Donata Rea, 53, was charged with taking over two Rockaway Park homes owned by a deceased woman and renting them out, also filing for Sandy relief money. Daily News photo by Todd Maisel
Rea allegedly took over the two homes at 176 and 178 Beach 120 Street in Rockaway Park, renting them and requesting Sandy Build it Back money. Google Earth photo.
The city’s Department of Investigations has joined with Queens District Attorney Richard Brown to take down four scammers who allegedly took advantage of Hurricane Sandy to take home more than a million bucks in illegal aid, focusing on homes in Rockaway and Breezy Point, homes badly impacted by the 2012 superstorm.
Three homeowners were charged with filing false documents to steal nearly $300,000 from the Build It Back program, a taxpayer-funded effort to repair primary residences wrecked in October 2012.
The three were charged with getting Build It Back funds to repair their second homes.
A fourth was caught when she tried to obtain funds on a Rockaway Park home she’d taken possession of from a dead woman. Prosecutors say she didn’t get repair funds but did steal $1 million from the woman’s estate.
In a prepared statement, Queens District Attorney Richard Brown said the four are “accused of using one of the worst natural disasters to ever strike New York in recent history to unjustly enrich themselves.”
Court records provided by Brown allege that George Bonitsis, 67, who lives in Brooklyn, got $125,802 in construction work from Build It Back, while John Holl, 73, who lives in Long Island, got $86,560. The two were not arraigned in Queens court because they reportedly face state charges.
Two of the alleged scammers were arraigned in Queens Criminal Court on Wednesday, however.
They are identified in court documents John Phelan, 54, who fraudulently obtained $66,371 to repair a secondary home at 58 Reid Avenue in Breezy Point he co-owned with his mother, prosecutors allege. Prosecutors said that tax records revealed that he lives in Syosset, Long Island and she lives in Maspeth, Queens.
However, his lawyer, Eric Franz, told the Daily News that the son committed no crime because his mother’s primary residence was in Breezy Point. Court records show, however, that John Phalen lives on Laurel Hill Road in Syosset, while his mother lives on Fresh Pond Road in Maspeth. Build-it-Back does not rebuild secondary homes, but Phalen allegedly filed in his application that it a primary residence for both mother and son.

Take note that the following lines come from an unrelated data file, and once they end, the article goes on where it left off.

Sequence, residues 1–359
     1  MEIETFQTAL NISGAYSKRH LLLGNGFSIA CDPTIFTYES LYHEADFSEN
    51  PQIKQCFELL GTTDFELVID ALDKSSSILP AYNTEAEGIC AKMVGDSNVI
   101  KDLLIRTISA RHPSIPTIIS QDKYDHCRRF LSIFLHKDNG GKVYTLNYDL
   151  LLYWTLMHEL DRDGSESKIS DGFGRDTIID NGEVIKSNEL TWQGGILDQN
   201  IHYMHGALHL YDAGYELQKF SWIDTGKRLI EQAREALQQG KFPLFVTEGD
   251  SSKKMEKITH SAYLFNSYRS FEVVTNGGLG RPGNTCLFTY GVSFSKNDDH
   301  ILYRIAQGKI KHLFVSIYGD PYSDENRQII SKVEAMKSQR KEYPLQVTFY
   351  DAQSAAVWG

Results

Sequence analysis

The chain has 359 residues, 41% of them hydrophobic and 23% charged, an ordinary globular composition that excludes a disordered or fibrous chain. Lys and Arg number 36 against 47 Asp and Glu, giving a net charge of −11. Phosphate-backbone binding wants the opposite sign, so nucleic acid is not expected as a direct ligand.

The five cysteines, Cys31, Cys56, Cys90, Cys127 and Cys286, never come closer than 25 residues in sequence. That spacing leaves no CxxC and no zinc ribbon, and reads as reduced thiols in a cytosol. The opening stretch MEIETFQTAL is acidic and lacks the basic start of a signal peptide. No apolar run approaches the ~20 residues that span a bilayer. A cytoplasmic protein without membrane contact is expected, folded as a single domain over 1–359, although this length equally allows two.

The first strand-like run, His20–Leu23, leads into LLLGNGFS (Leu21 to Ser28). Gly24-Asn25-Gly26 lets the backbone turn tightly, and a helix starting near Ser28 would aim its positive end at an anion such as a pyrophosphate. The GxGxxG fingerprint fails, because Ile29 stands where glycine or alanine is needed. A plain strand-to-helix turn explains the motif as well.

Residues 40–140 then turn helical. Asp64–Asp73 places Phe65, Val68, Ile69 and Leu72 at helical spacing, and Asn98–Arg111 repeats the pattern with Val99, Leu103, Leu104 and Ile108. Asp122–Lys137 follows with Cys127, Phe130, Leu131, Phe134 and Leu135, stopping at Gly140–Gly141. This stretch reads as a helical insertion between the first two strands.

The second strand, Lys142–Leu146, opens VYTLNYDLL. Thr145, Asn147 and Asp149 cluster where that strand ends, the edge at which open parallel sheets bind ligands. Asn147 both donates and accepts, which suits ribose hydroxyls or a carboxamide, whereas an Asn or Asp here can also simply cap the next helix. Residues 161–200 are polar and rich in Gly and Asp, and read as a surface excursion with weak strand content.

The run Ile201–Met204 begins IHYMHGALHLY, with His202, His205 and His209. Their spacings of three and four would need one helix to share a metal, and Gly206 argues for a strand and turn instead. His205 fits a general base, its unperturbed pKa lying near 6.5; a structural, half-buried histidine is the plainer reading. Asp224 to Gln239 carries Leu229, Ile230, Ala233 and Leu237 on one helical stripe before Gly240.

Mary Phalen was not charged in the case. Her son, John, who submitted the application, was charged with grand larceny in the second degree and offering a false instrument for filing in the first degree.
Donata Rea, 58, allegedly submitted an application for Build It Back reimbursement on a home she’d obtained through the estate of a woman who’d died in 2011.
According to court documents and the statement of Lois Rosenblatt, a private appraiser hired by the office of the Public Administrator, Karen M. Connors transferred two Rockaway properties – at 174 and 178 Beach 120 Street into a trust. Rosenblatt said that the properties were worth $300 thousand and would probably bring more at auction.
Connors died without a will and the “orderly disbursements” of the estate were taken over by the public administrator’s office. Court documents allege that Rea took over the properties and the estate without permission of the public administrator.
Court documents charge Rea with fraudulently assuming ownership of the dead woman’s homes, alleging that she stole $1 million from the woman’s estate. Rea was not reimbursed by Build It Back. She did, however, rent the two Rockaway properties and collect rent for them June 2013 to the present.
Rea is charged with grand larceny in the first degree, criminal possession of a forged instrument in the second degree and offering a false instrument for filing in the first degree.
All four defendants were released without bail Wednesday in Queens Supreme Court.
Matt Viggiano, a spokesman for the Mayor’s Office of Housing Recovery Operations, said the agency aided the Investigation Department in its probe.
“We will not let bad actors get in the way of our goal of providing safe, resilient housing for those that need it most,” he said.